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Government Surveillance

Bills Offer Clear Choice: End Bulk Collection of Americans’ Data or Endorse It

Members of Congress may soon face a stark choice: To endorse legislation that would permit a secretive military intelligence agency to collect a record of all phone calls made to, from or within the U.S., or endorse a competing proposal that would outlaw it.

The bills are being introduced in response to the NSA’s ongoing collection of telephony metadata of all Americans and its collection of the contents of Internet communications under the PRISM program, which operates under Section 702 of FISA.

The Intelligence Oversight and Surveillance Reform Act, S. 1551, sponsored by Senators Ron Wyden (D-WI), Mark Udall (D-CT), Richard Blumenthal (D-NJ), and Rand Paul (R-KY) would balance civil liberties and security by ensuring that information collected under Section 215 and two other surveillance authorities pertains to a terrorist, spy, or other agent of a foreign power, or to people in contact with them or to the activities of such agent of a foreign power. The requirement of a tie to a foreign power would effectively end the bulk collection program and preclude new bulk collection programs relating to location information, credit records, and other data. Reps. Sensenbrenner and Conyers are expected to introduce similar legislation in the House.

In contrast, legislation that Senators Diane Feinstein (D-CA) and Saxby Chambliss (R-GA) are drafting would codify bulk collection. Under their approach, as outlined by Senator Feinstein at a hearing on September 26, the NSA would continue to collect records of every phone call made to/from/within the U.S. and its agents would continue to query the database when they have a “reasonable articulable suspicion” that an identifier used to query the database is “associated” with terrorism. The nature of the association has not been articulated, raising the concern that minimal association will suffice. The Foreign Intelligence Surveillance Act (FISA) court would not authorize the queries and would not make the reasonable articulable suspicion finding that justifies the query; instead, the NSA’s agent would do the query and the FISA court would be informed later. The bill would also reduce the period for which phone records are retained, but the number of years of retention has not been specified. The bill would also require additional reporting about the number of queries made of the database each year and the number of warrants issued based on queries made. These are not significant improvements to the program, but their price – a statutory footing for an illegal bulk surveillance program – is far too high.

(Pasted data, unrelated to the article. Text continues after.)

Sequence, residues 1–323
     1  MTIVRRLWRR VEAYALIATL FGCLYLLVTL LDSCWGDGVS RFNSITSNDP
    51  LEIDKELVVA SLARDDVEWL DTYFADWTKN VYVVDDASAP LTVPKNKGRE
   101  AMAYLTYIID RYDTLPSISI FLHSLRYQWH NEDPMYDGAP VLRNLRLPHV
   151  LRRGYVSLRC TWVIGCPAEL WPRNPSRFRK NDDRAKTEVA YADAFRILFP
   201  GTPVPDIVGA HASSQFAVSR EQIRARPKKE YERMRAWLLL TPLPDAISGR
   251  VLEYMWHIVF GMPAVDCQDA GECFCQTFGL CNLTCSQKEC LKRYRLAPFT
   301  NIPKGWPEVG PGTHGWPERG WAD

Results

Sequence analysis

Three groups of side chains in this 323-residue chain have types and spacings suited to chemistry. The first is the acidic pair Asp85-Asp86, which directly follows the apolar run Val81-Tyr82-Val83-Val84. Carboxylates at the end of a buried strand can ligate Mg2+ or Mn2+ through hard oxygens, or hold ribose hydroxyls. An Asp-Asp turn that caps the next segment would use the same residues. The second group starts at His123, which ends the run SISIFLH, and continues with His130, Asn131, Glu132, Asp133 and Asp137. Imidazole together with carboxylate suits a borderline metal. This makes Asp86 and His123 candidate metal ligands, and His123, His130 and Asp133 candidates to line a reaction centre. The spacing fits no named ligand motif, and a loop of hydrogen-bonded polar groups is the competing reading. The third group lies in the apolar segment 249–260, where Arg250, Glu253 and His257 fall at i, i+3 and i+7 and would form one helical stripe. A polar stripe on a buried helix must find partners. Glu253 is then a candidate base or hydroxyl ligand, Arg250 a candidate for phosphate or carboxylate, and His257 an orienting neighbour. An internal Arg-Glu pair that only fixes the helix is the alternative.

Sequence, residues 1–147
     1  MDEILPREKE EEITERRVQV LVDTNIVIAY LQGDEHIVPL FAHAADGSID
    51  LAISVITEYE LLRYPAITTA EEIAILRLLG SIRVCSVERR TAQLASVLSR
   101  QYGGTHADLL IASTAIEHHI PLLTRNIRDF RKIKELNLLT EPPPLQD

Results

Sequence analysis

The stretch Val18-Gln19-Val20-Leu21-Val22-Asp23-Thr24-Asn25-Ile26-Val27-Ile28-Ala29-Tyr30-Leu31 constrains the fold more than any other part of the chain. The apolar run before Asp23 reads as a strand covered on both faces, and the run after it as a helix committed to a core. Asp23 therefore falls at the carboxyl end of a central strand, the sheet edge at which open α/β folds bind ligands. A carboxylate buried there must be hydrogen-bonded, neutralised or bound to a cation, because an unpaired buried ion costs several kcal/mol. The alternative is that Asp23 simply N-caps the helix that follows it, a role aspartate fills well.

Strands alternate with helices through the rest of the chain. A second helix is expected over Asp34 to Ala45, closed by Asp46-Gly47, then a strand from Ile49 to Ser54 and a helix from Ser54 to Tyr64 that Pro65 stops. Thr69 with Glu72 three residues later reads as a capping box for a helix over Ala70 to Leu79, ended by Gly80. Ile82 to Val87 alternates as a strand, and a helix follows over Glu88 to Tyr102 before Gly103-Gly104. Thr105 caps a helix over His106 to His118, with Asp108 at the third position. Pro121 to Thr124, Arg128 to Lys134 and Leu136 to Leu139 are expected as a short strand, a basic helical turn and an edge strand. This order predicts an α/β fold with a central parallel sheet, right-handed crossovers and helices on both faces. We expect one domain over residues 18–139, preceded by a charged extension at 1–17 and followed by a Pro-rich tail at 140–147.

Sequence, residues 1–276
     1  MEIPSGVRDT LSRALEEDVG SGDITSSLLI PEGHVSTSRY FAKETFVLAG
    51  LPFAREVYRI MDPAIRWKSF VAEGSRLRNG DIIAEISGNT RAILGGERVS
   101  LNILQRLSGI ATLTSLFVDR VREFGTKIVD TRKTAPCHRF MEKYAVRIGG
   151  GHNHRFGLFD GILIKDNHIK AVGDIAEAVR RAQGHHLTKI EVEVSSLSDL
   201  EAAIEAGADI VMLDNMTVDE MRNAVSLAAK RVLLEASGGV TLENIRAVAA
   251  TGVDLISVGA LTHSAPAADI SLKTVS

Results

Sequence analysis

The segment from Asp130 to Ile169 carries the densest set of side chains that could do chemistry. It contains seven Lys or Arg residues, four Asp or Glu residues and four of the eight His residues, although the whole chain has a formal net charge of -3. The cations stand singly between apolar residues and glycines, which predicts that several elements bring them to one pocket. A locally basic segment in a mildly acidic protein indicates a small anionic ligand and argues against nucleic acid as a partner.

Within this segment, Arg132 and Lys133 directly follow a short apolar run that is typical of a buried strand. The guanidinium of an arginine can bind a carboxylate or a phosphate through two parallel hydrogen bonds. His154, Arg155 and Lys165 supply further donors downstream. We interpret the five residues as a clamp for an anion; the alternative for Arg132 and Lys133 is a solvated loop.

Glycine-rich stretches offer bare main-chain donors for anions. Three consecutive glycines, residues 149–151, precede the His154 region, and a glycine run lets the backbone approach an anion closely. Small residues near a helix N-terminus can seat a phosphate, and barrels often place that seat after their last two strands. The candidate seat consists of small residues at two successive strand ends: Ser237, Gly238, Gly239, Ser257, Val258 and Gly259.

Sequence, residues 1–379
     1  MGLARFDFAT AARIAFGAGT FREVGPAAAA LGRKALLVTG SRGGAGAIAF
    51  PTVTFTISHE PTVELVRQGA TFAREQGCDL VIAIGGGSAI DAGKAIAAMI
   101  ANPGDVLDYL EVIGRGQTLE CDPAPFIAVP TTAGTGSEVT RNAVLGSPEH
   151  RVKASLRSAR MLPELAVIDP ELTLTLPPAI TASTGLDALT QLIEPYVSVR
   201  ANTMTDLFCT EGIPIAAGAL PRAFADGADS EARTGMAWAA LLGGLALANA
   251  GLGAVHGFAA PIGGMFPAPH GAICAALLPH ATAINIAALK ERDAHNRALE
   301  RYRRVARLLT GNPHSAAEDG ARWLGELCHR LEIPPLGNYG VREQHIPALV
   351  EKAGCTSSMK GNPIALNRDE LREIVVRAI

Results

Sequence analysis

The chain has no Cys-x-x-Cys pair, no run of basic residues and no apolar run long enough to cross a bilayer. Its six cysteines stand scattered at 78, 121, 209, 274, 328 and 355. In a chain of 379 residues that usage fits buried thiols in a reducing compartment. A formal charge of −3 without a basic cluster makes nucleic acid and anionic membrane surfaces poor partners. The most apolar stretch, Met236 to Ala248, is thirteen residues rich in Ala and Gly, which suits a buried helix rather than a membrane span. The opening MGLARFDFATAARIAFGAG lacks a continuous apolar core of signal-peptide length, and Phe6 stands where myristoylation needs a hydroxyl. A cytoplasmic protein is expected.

In contrast, the Intelligence Oversight and Surveillance Reform Act would enact meaningful changes that protect Americans’ rights, and restore proper bounds to the scope of government surveillance of its citizens. The bill would end the bulk collection program, prohibiting the ongoing collection of all Americans’ phone records. At the same time, this legislation would provide government with the necessary means to protect national security, permitting collection of records of terrorists, spies and other agents of a foreign power, anyone in contact with or known to such a person, and records that pertain to the activities of such person.

Additionally, the Intelligence Oversight and Surveillance Reform Act would prohibit the bulk collection of Internet metadata. The NSA had collected this data until 2011 under the pen/trap provision of the Foreign Intelligence Surveillance Act. It abandoned the effort when the NSA acknowledged that Internet metadata did not sufficiently aid security. This is an important reform because Deputy Attorney General James Cole recently stated that the government retains the authority to engage in bulk collection of not just phone records, but also any “bulk records if they can show relevance to a foreign investigation.” The bill would ensure that the government could not redirect the bulk collection program to the pen/trap or National Security Letter statutes by imposing for those statutes the same heightened standard that it imposes for Section 215 surveillance: the person to whom the records pertain must be a terrorist, spy, or other agent of a foreign power, a person in contact with or known to such person, or the records must pertain to the activities of such person.

The two bills also take very different approaches to Section 702, the provision of FISA that the NSA uses to monitor for foreign intelligence purposes communications to, from or about persons reasonably believed to be abroad. Since those communications are numerous and sometimes include an American on one end, many Americans’ communications are also collected. The Wyden bill would require a warrant to query the Section 702 surveillance product for the communications of a particular U.S. person. This is a significant protection for Americans. The Feinstein-Chambliss bill would not offer this protection. Instead, a foreign intelligence purpose for the query would suffice – a test easily met because the information in the database could only be collected for foreign intelligence purposes anyway.

The FISA reform bills that Congress will consider in the coming weeks offer a clear contrast: Senator Wyden’s Intelligence Oversight and Surveillance Reform Act would end universal collection of Americans phone records, while the Feinstein-Chambliss bill would serve as a legislative endorsement of the bulk collection program in its current form. Members of Congress will decide whether they support true substantive reform, or a continuation of the status quo.